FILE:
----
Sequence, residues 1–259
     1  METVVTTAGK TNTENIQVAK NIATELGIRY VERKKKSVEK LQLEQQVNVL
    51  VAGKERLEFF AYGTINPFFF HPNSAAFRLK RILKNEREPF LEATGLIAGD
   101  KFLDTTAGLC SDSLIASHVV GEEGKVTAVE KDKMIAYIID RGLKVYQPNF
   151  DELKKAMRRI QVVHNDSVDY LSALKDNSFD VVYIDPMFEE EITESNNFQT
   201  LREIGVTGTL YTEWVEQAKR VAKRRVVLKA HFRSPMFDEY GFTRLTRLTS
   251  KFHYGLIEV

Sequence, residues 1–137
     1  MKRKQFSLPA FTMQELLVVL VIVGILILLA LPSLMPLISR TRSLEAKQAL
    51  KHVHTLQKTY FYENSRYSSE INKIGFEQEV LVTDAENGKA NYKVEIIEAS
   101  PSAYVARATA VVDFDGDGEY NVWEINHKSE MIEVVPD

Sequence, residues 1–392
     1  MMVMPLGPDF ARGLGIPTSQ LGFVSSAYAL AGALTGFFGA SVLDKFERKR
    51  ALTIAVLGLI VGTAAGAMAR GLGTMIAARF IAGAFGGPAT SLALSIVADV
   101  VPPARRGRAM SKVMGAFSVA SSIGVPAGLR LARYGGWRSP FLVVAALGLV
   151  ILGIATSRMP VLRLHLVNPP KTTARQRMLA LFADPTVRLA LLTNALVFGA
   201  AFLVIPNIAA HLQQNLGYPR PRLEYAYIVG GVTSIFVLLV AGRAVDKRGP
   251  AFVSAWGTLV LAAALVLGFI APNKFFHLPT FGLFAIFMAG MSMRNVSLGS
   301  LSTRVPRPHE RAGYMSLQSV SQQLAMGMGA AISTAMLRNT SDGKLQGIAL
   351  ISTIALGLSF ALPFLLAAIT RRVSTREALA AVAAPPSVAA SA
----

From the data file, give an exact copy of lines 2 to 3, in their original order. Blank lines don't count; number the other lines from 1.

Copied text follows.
     1  METVVTTAGK TNTENIQVAK NIATELGIRY VERKKKSVEK LQLEQQVNVL
    51  VAGKERLEFF AYGTINPFFF HPNSAAFRLK RILKNEREPF LEATGLIAGD